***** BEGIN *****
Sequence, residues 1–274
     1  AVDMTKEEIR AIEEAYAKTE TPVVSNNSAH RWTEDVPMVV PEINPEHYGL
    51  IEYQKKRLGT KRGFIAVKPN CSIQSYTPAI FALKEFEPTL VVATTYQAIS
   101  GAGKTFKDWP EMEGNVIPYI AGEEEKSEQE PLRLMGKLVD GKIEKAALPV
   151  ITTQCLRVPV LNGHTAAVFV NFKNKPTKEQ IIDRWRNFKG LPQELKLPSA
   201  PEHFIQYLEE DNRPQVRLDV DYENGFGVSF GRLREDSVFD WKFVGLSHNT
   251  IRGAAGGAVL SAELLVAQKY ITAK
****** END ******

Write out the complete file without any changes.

Sequence, residues 1–274
     1  AVDMTKEEIR AIEEAYAKTE TPVVSNNSAH RWTEDVPMVV PEINPEHYGL
    51  IEYQKKRLGT KRGFIAVKPN CSIQSYTPAI FALKEFEPTL VVATTYQAIS
   101  GAGKTFKDWP EMEGNVIPYI AGEEEKSEQE PLRLMGKLVD GKIEKAALPV
   151  ITTQCLRVPV LNGHTAAVFV NFKNKPTKEQ IIDRWRNFKG LPQELKLPSA
   201  PEHFIQYLEE DNRPQVRLDV DYENGFGVSF GRLREDSVFD WKFVGLSHNT
   251  IRGAAGGAVL SAELLVAQKY ITAK